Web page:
Corrupt businessman Kautilya Nandan Pruthi, who duped celebrities, sports stars and hundreds of other victims out of £115m in Britain’s biggest “Ponzi” investment scam, has been jailed for 14 years and six months.
Indian-born Pruthi was labelled a “professional fraudster” as he was sentenced at Southwark Crown Court yesterday, and told he faced deportation back to his home country following his jail term.
Pruthi’s associates John Anderson and Kenneth Peacock, who were found guilty by jury of unauthorised regulated activity, were jailed for 18 months for their part in the fraud.
Ponzi frauds are named after Italian fraudster Charles Ponzi and involve the payment of purported returns to existing investors from funds contributed by new investors.
Yorkshire and England cricketer Darren Gough and actor-turned-singer Jerome Flynn were among 800 people scammed as flamboyant fraudster Pruthi claimed he was one of the richest men in London.
Investors lost life savings after being told they would get massive revenue returns unmonitored by the Financial Services Authority.
Delivering his sentence to Pruthi, Judge Michael Gledhill QC said: “You are an extremely intelligent, articulate, sophisticated and plausible liar. In short, a professional fraudster.” Many investors lost their homes, pensions and life savings, he added.
Judge Gledhill said Peacock and Anderson, whom the court heard had since undertaken psychiatric counselling, were as much victims of Pruthi as other investors.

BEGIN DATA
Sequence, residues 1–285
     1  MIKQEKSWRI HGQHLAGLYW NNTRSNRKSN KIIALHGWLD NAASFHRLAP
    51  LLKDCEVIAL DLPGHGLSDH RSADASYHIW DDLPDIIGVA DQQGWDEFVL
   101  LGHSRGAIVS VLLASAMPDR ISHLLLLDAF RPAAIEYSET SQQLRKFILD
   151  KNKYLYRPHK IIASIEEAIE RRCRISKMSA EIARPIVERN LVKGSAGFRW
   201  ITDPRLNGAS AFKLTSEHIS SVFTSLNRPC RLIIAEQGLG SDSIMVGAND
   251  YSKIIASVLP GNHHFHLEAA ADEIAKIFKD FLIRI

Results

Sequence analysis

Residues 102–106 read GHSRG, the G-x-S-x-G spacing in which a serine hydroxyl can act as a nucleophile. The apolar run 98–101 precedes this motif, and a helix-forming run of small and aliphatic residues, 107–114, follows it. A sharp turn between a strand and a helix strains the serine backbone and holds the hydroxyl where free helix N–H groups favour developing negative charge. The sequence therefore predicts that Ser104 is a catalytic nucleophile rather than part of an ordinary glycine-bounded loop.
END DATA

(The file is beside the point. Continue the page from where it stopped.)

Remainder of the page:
“They trusted you completely, as did everybody else that came into your orbit. They believed every false representation you made about your scheme.”
Pruthi was also made subject to a financial report order and qualifies for automatic deportation after his release from prison, the court heard.
Police said parents of disabled children and a host of undisclosed well-known names became victims as Pruthi and his associates lived in multi-million pound homes, drove Ferraris and flew in private jets.
The court was told at least 585 investors fell victim to the scheme, although as many as 700 may have been conned.
Pruthi made £38m from the swindle over three years while victims lost a total of £115m.
The con artist was arrested, with associates Anderson and Peacock, in May 2009 after City of London police launched a nationwide investigation into Ponzi fraud.
But Pruthi, 41, had already spent much of the cash during half a decade of womanising, extravagance and fast cars.
Pruthi, of Wandsworth, south-west London; former accountant Anderson, 46, of West Hampstead, and Peacock, 43, of Camberley, Surrey, were all made bankrupt after their arrests.
Before trial, Pruthi pleaded guilty to fraud charges while Anderson and Peacock were found guilty by a jury of unauthorised regulated activity but cleared of fraud and recklessly making a misleading, false or deceptive promise.